“Wait 24 hours and then the baby can be killed” – before SC House Constitutional Laws Subcommittee, January 28, 2009
GOD’S REQUIREMENT FOR MURDER IS JUSTICE, NOT INCREMENTAL REGULATION !
Quotes from article below:
‘Opponents at the hearing included two anti-abortion activists, who want abortion outlawed.‘‘ “It’s not God’s will to wait 24 hours and then kill the baby,” said Steve Lefemine, director of Columbia Christians for Life, who can frequently be seen at the Statehouse carrying posters
of aborted fetuses.’
Proponents of the 24-hour waiting period bill include:
“… Rep. Greg Delleney, the sponsor of last year’s law and the current proposal.”
“… Oran Smith, president of the Palmetto Family Council.” [ SC affiliate of Dobson’s Focus on the Family ]
“… Holly Gatling, executive director of South Carolina Citizens for Life.”
Opponents of the 24-hour waiting period bill; in favor instead of SC’s PERSONHOOD bill, include:
“… Steve Lefemine, director of Columbia Christians for Life,…”
See text of “Wait-24-hours-before-killing-the-baby-bill” H.3245 at:
Bill requiring women to wait day before an abortion heads to House
The Associated Press • January 28, 2009
COLUMBIA -- Women seeking an abortion in South Carolina would have to wait at least 24 hours after their ultrasound under a bill given initial approval Wednesday by a House subcommittee.
The measure would increase the waiting time from an hour to a day.
Proponents said it would bring South Carolina in line with other states that have waiting periods and give women time to reflect on the decision. Critics said requiring two trips creates a burden, especially for poor, rural women.
The proposal follows nearly two years of debate on whether to require women to view an ultrasound image before getting an abortion. Under a compromise passed last year, women must be asked whether they want to look at the screen during the procedure or see a printed image -- and sign a form verifying they were given the option.
The compromise kept in the law a 60-minute wait already required after women are handed brochures about fetal development and abortion alternatives.
“But one hour is not enough time to think about it,” said Rep. Greg Delleney, the sponsor of last year’s law and the current proposal. “I’m trying to give the chance for a child waiting to be born to have a birthday.”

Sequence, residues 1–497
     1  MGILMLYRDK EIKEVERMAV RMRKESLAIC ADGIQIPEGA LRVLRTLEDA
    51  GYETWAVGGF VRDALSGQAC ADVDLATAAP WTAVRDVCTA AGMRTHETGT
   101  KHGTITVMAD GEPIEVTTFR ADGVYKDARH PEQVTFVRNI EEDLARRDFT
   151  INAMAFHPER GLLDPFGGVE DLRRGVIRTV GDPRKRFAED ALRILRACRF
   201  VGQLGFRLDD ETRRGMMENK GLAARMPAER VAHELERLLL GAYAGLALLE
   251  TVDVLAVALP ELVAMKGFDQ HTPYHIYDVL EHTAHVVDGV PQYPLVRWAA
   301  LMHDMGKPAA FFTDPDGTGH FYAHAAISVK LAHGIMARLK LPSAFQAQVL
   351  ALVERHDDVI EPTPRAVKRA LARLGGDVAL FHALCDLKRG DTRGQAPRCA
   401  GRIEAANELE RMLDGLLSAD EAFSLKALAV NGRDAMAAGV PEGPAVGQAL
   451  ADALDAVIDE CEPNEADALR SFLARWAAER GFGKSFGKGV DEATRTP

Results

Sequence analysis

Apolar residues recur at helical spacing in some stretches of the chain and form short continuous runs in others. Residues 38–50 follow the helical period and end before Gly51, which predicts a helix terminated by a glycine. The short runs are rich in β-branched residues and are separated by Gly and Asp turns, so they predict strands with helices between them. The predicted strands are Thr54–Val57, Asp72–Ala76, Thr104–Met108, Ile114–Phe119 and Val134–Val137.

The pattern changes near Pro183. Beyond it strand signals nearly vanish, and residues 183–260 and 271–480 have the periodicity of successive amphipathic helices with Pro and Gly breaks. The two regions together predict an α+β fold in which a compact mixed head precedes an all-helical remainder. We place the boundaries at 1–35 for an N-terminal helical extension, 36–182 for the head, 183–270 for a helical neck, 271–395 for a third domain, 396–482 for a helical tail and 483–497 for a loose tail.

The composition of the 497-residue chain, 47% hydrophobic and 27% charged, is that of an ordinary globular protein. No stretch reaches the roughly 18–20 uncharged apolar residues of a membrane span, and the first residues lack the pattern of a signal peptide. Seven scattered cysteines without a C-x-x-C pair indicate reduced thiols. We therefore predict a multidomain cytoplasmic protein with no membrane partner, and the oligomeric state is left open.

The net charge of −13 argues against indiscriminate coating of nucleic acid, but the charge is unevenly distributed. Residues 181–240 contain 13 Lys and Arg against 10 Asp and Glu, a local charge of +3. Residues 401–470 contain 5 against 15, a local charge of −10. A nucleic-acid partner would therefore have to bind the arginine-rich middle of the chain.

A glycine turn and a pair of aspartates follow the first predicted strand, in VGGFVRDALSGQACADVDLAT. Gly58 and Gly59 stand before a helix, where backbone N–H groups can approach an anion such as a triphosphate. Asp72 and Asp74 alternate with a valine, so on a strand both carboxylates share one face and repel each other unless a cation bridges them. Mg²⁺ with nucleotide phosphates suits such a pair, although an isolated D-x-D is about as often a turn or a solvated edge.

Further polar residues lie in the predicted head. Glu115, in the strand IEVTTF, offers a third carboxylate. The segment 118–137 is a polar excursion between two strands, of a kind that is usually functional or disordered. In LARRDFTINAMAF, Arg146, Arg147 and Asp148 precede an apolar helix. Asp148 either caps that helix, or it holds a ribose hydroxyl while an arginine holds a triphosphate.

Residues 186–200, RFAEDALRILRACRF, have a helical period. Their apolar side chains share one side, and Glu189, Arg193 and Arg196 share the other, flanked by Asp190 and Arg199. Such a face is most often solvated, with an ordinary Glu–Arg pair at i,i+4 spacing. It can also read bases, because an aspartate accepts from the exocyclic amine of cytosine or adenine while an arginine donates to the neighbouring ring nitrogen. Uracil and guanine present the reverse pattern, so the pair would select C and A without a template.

He said he didn’t make it an issue last year because he didn’t want to further bog down the law’s passage.
At least 25 other states require waiting times for abortions, and all but two set them at 24 hours -- Indiana, the other, sets an 18-hour minimum, said Oran Smith, president of the Palmetto Family Council.
Several women who had abortions testified they would have changed their mind if they’d had more time to think it through.
“I went blindly, fearfully into a clinic,” said Carla Harvey, a nurse and a volunteer at Lowcountry Crisis Pregnancy Center in Charleston. “They’re in a waiting room. They’re numb. They’re afraid. ... Time really does make a difference.”
Advocates also noted South Carolina requires a daylong wait for a marriage license, and patients have to undergo pre-counseling or classes for many other surgeries, such as for obese patients and hip replacements.
“A waiting period before a final decision regarding abortion is far more critical than any other waiting period,” said Holly Gatling, executive director of South Carolina Citizens for Life. “Before making such a grave and permanent decision, women deserve a 24-hour waiting period that safeguards their dignity, their health and their right to choose life.”
The South Carolina Coalition for Healthy Families opposed the measure, calling it extreme and said it could require taking two days off of work and finding transportation. The state needs to focus instead on reducing unintended pregnancies by funding preventive health care, contraception and comprehensive education beyond abstinence only, said coalition lobbyist Brandi Parrish.
Women must make appointments to get an abortion and already spend time agonizing over the decision, she said.
Opponents at the hearing included two anti-abortion activists, who want abortion outlawed.
“It’s not God’s will to wait 24 hours and then kill the baby,” said Steve Lefemine, director of Columbia Christians for Life, who can frequently be seen at the Statehouse carrying posters of aborted fetuses.
The measure stipulates the 24-hour waiting period applies only if an ultrasound is performed. But abortion rights advocates have testified that clinics already perform ultrasounds in nearly all cases to verify how far along the pregnancy is, since state law requires abortion doctors to tell women the likely age of their fetus.
The bill now goes to the full House Judiciary Committee.
Copyright ©2007 The Greenville News. All rights reserved.
See also the story reported by The State (Columbia, SC) at: www.thestate.com/local/story/666856.html